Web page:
Rules are what bind society together. Without strict codes of conduct, jaywalkers would run rampant in the streets, hoes would come before bros, and people without shirts or shoes would freely buy slurpees. This we cannot stand for. Proper etiquette is important in groups of all kinds, even when that group is a loosely organized bunch of haphazard 6-wheeled downhillers.
With that in mind, welcome to the first in a series of articles on Freebord Etiquette. Today’s topic: safety. While many people see freeborders as having a death wish, it is actually possible to ride with life preservation as a priority. As dangerous as snowboarding the streets may seem, I personally ride dozens of miles a week and rarely feel unsafe or suffer grievous injury. Avoiding accidents is no accident. Here are some basic things that’ll keep you and your crew safe to shred another day.
Helmets FUCKING HELMETS!! – This is one rule that is not a matter of opinion. As a great rider once said, “Skin grow back, brain doesn’t.” Big hills, little hills, on film, off film. The 4ST policy is always, and always means always. Your bord and helmet should be one unit. Wherever your bord goes, the helmet should be strapped to your deck before you head out, and strapped to your dome before you step on. Always.
2. Know Your Terrain – Save blind drops for the Ray Charles dubstep remix. Scope any hill before you ride it to get any idea of the gradient, turns and pavement quality, keeping an eye out for any unexpected debris, cracks or dips. Generally speaking, big dips or waves in the pavement will screw up your slides more than rough texture. When in doubt, point your bord straight over sketchy stuff, using your slides for speed control before or after the obstacle. If one rider in your crew is more experienced with the particular hill you’re riding, let him drop first and follow his lead.
3. Riding in Groups – When bombing a run with other riders, respect each others shred space. Just like at the ski resort, the downhill rider has the right-of-way since he can’t be expected to be checking behind him while dropping. So if you’re going to pass, make sure you have plenty of room and be sure he knows you’re coming with a “Yeee!” if you’re in the Bay, or a “Wooloulou!” if you’re in the French alps. If you must ride with music, keep one headphone out or notch your volume down enough to still hear your fellow riders. As the rider in front of the pack, your responsibility is to clap or signal when you will be throwing a heavy slide or slowing down so you don’t get rear ended, and raising one hand high to signal approaching uphill traffic.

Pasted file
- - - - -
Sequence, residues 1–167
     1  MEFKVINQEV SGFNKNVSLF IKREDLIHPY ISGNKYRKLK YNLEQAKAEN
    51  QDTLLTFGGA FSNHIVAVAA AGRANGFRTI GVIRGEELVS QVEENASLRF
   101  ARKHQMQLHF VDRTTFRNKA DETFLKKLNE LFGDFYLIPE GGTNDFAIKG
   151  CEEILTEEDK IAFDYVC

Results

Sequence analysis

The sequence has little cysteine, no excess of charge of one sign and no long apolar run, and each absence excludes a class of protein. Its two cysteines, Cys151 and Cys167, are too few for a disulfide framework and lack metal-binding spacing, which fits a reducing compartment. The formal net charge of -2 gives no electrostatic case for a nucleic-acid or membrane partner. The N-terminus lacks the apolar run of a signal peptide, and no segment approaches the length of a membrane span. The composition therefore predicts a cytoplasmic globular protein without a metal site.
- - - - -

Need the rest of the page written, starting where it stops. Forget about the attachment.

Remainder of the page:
4. Traffic – The stupidity and recklessness of the average motorist is not to be underestimated. Comfy in their air conditioned metal cocoons, drivers will often show little to no regard for your safety. On steep and technical hills, you’ll occasionally find yourself going catching up to traffic, but more often than not the local traffic will be catching up to you. When shuttling eachother down long runs, the follow-car should have his flashers on and take measures to block any attempts to pass by road-ragers on your six. Hold out the stiff arm “no thank you wave” or pull into the center of the road if you have to block them. Nothing is worse than getting passed by an enraged driver who doesn’t know how our bords operate and puts our lives at risk to save 15 seconds on their commute. Give the riders a honk and let them pull over in a safe area if you want to let cars pass. Otherwise, let the asshole wait. Stay in your own lane and alert riders behind you if cars are coming up the hill. Wave or shout to drivers backing out of driveways or turning on to the run from a side street. You are much less visible than a vehicle, so make your presence known.
5. Baby Steps – As shredders, progression drives us. Pushing the limits of speed and control is a big part of any extreme sport, but it’s important to do it responsibly. If your butthole puckers up and you go into a cold sweat halfway down the run, stop worrying about impressing your crew and worry about getting to the bottom in one piece. Taking it slow, skipping the last run, or sitting out on a hill that’s over your head is always a smart call. There is no
shame in knowing your limits. No pro rider got to where they are by taking stupid risks. Building your skill set to a high level requires the exact opposite instinct. Look before you leap, stop before you slam, and practice before you push it.
Follow these rules or establish your own code before you ride and you’ll get a lot more out of your bord. Also, your mother will sleep better at night. You have her worried sick, you know that right?
Got a rule or tip that’s not listed here? Share it the comments section below. Stay thristy my friends.